As the Minister of State noted, Tallaght University Hospital is one of Ireland's largest acute teaching hospitals with 35,000 attendances to the end of August this year, which is incredible. As confirmed by the Minister of State's answer, not only have attendances in the emergency department reached pre-pandemic levels, they have increased by 7.5% compared with 2019, prior to the pandemic. All the other figures the Minister of State highlighted show increases in attendance numbers, reflecting the increase in population and the ageing population in the surrounding area. Over the years, people like Professor Rónán Collins have pointed out that this is not unexpected.

I welcome the 56 new beds and that 50 of them are open. The Minister of State has outlined where they are located across the Tallaght University Hospital campus, which has a substantial footprint in Tallaght. The HSE and the Department need to know that notwithstanding those additional beds, figures are rising. These additional facilities were provided to cope with pre-Covid levels. We now expect some kind of mild surge of people returning to hospital, particularly those who had put it off during the pandemic. I ask the Minister of State to outline to the Minister, Deputy Stephen Donnelly, the concern of the local community over the capacity at Tallaght. The HSE needs to constantly review increasing capacity, if necessary.

Photo of Mary ButlerMary Butler (Waterford, Fianna Fail)
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I will bring the Deputy's concern back to the Minister, Deputy Stephen Donnelly. I am delighted to hear that they both visited the hospital recently and have seen the progress. Attendances at all emergency department are hospitals have increased throughout the country. It is a very worrying trend so early in the winter. We are facing into the possibility of the winter flu and the vomiting bug. Luckily last year people did not present with those two conditions but already we are seeing the trends. Coupled with that, we are all conscious that more than 400 people presenting with Covid are in hospitals, including more than 70 in ICU. That also needs to be thrown into the mix and it has been very difficult. I join the Deputy and everybody the House in saluting front-line workers, dealing with this at the coalface.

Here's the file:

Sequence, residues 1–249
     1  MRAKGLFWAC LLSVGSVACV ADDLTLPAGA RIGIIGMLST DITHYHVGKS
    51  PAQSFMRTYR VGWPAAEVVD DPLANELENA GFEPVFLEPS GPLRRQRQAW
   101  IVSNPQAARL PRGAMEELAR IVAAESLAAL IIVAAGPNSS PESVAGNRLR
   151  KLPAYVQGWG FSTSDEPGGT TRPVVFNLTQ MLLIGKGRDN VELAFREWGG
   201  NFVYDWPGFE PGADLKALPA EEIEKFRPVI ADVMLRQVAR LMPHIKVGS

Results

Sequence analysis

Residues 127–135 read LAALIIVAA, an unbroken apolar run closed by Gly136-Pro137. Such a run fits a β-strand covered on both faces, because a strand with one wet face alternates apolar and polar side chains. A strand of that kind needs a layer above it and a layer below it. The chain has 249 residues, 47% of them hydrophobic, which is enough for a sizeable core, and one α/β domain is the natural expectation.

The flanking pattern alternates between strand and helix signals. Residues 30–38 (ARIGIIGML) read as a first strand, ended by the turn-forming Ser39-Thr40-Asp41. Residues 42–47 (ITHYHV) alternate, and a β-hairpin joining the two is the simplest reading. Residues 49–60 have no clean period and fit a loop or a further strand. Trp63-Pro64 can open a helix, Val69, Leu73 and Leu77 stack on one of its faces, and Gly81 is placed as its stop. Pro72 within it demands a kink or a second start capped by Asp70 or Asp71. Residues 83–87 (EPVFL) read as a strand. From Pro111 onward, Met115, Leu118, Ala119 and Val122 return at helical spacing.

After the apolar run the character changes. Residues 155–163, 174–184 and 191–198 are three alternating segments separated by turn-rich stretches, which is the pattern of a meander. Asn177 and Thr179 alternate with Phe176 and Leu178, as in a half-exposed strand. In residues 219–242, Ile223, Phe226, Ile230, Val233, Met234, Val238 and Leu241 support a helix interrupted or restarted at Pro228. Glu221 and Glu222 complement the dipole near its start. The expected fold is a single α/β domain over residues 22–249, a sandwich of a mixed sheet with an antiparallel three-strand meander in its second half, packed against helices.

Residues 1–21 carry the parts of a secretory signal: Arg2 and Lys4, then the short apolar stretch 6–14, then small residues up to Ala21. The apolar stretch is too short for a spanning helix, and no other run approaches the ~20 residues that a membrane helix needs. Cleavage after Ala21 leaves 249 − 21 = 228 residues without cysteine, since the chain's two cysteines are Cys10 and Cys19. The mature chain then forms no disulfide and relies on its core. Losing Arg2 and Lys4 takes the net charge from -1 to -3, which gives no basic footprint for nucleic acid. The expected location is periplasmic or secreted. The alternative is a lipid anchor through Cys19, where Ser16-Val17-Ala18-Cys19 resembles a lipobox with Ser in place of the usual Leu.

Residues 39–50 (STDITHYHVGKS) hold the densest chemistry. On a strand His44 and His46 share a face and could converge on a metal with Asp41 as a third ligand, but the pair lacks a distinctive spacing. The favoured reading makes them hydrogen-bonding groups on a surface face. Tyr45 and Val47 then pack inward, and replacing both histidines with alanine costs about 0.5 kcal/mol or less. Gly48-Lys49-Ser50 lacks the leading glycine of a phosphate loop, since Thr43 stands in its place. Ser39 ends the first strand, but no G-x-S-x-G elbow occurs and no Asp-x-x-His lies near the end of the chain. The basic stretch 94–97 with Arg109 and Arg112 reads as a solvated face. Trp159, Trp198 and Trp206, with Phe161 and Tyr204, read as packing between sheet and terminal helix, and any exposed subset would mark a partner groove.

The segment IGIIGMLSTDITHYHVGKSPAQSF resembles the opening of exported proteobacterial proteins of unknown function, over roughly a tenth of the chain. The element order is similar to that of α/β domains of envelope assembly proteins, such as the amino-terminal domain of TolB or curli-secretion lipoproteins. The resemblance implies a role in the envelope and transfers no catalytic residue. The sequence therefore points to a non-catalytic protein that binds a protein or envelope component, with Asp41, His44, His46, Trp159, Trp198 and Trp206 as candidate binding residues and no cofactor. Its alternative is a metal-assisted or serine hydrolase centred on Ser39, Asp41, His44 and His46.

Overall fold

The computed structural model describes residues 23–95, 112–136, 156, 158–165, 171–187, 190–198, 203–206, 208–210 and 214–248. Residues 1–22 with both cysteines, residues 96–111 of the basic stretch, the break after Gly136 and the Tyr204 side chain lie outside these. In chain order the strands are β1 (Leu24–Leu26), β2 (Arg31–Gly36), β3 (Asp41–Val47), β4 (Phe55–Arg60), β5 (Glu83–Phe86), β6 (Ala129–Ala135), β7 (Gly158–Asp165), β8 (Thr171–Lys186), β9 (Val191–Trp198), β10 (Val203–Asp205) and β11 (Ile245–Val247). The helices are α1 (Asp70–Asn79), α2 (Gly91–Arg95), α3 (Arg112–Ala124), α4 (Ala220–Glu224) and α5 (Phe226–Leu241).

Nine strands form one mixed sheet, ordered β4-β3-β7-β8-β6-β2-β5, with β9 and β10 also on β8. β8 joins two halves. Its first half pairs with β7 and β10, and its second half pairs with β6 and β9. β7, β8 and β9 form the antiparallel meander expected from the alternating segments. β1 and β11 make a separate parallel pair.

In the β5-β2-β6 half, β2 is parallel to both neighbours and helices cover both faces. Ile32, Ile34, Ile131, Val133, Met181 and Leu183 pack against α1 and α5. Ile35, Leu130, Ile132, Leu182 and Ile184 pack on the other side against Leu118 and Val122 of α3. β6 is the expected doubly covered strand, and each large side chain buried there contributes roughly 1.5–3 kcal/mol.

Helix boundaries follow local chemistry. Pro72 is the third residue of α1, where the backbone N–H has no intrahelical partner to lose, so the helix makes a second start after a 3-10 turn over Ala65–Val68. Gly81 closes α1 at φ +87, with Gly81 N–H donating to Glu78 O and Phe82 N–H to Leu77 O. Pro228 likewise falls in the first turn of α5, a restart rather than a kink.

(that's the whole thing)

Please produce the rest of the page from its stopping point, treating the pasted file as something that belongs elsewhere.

To date under the winter plan, approximately 800 additional acute beds have been provided nationally on a permanent basis over the number available at the end of 2019. A total of 73 permanent sub-acute beds have been provided. As the Deputy will be aware because he has raised it with me many times, we have allocated considerable funding to home support to try to support elderly people to live at home, to age well and to try to avoid attendances at emergency departments. Notwithstanding that, we have seen a spike in the number of people who are presenting in hospital.

I thank the Deputy for raising the issue. I know how important it is to him and to the people of Tallaght. I can assure him that the Department of Health and the HSE will continue to work with local hospital management to further improve patient experience in Tallaght.